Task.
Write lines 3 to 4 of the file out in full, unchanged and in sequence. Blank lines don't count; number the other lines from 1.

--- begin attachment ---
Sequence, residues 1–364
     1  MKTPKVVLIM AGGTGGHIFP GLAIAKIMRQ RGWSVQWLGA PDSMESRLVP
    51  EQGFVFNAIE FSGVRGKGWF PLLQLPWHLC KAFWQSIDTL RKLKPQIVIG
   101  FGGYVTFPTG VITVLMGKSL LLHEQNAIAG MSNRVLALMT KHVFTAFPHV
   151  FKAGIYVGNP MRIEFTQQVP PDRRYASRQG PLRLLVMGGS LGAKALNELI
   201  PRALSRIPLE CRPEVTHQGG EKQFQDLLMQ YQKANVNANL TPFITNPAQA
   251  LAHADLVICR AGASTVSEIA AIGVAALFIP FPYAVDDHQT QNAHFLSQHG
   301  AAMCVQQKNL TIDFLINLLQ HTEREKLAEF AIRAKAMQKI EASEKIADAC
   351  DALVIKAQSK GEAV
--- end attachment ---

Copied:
    51  EQGFVFNAIE FSGVRGKGWF PLLQLPWHLC KAFWQSIDTL RKLKPQIVIG
   101  FGGYVTFPTG VITVLMGKSL LLHEQNAIAG MSNRVLALMT KHVFTAFPHV